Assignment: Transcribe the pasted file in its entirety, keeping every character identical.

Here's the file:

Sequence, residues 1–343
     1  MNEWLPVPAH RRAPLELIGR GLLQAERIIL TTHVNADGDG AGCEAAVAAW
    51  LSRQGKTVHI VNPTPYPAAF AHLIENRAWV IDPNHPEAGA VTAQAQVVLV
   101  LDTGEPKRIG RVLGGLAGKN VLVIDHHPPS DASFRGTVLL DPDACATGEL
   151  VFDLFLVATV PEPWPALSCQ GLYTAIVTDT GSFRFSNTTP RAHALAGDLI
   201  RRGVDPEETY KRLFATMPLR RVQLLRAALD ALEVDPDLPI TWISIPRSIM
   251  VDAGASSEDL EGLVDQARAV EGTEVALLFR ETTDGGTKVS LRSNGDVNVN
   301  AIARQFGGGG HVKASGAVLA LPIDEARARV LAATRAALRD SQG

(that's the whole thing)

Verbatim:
Sequence, residues 1–343
     1  MNEWLPVPAH RRAPLELIGR GLLQAERIIL TTHVNADGDG AGCEAAVAAW
    51  LSRQGKTVHI VNPTPYPAAF AHLIENRAWV IDPNHPEAGA VTAQAQVVLV
   101  LDTGEPKRIG RVLGGLAGKN VLVIDHHPPS DASFRGTVLL DPDACATGEL
   151  VFDLFLVATV PEPWPALSCQ GLYTAIVTDT GSFRFSNTTP RAHALAGDLI
   201  RRGVDPEETY KRLFATMPLR RVQLLRAALD ALEVDPDLPI TWISIPRSIM
   251  VDAGASSEDL EGLVDQARAV EGTEVALLFR ETTDGGTKVS LRSNGDVNVN
   301  AIARQFGGGG HVKASGAVLA LPIDEARARV LAATRAALRD SQG